The Lesser Terror: Soviet State Security, 1939-1953

The Lesser Terror: Soviet State Security, 1939-1953

The Lesser Terror: Soviet State Security, 1939-1953

The Lesser Terror: Soviet State Security, 1939-1953


This is the first major study based on Soviet documents and revelations of the Soviet state security during the period 1939-1953--a period about which relatively little is known. The book documents the role of Stalin and the major players in massive crimes carried out during this period against the Soviet people. It also provides the first detailed biography of V. S. Abakumov, Minister of State Security, 1946-1951.


Historians will be debating the nature of Stalin's regime for decades to come. Has any state ever wreaked such violence on itself? Human history has seen plenty of conquering empires, and--as people in the Baltic states and Eastern Europe can attest--Stalin's Soviet Union was one of them. But what made his long rule so remarkable and so baffling was that its greatest violence was directed against its own people. There are few instances of such a massive self-inflicted genocide.

The main engine of that genocide was the Soviet secret police. It was born within weeks of the October Revolution, has been through a variety of reorganizations and name-changes over the years, and still exists, in less lethal form, today. It will be a long time before we really know this organization's secrets. However, penetrating its veil became markedly easier with the arrival of Gorbachev's glasnost in the late 1980s and in the 1990s with the partial opening of archives and the profusion of memoirs published in Russia and abroad.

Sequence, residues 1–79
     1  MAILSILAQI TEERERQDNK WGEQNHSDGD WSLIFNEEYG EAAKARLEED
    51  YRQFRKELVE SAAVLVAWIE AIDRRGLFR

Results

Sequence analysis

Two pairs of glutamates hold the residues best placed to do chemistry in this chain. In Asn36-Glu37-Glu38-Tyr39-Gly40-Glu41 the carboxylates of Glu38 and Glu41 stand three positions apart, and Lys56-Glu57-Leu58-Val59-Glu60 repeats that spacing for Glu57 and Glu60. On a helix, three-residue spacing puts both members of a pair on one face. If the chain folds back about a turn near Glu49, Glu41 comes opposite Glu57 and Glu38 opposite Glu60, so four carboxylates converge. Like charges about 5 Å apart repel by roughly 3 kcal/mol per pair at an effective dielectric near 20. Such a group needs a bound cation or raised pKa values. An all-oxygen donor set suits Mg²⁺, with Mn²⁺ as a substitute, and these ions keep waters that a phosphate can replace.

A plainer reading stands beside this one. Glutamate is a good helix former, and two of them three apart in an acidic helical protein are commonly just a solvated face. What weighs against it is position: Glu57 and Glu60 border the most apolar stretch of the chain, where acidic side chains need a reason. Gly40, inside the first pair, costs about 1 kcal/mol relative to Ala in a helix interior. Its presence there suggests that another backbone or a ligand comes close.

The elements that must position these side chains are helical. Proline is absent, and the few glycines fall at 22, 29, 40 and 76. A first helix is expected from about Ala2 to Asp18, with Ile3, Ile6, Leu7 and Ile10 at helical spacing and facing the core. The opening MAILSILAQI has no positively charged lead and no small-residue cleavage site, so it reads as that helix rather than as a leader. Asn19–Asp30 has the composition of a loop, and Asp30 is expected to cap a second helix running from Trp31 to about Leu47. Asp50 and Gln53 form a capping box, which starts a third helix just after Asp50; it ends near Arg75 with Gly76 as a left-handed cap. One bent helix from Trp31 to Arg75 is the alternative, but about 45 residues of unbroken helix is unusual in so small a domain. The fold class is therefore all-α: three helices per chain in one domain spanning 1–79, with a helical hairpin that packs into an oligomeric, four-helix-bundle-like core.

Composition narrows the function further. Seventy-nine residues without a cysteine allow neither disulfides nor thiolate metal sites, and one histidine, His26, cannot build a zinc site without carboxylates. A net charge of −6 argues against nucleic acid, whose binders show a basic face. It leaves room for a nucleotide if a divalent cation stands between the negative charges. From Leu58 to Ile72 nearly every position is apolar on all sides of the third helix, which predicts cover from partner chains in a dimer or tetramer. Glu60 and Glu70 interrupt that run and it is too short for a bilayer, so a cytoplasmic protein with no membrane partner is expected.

Michael Parrish has made good use of this trove of material in writing this book. Working with the far more scanty array of sources then available--mainly such things as announcements of police promotions and retirements appearing in the highly censored Soviet press--Robert Conquest did a similar job of looking at the internal bureaucracy of the terror machine in his Inside Stalin's Secret Police. That book concentrated on the nkvd, as the force was then known, at the time of the Great Purge of the late 1930s. in this volume, Parrish carries the genealogy further, tracing the rise and fall of groups and individuals in the police bureaucracy from just before World War II until just after Stalin's death.

Because of the vast amount of blood that was shed during the 1930s, we often think of the next decade as a slightly less repressive time in the Soviet Union--or at least as a time when the country fought, and then recovered from, a terrible war. But this book is a reminder of how the police state continued unabated during those years. Under Stalin's direction, the nkvd shot generals who had lost battles, sped up prisoner executions in areas the Germans were about to capture, and deported . . .

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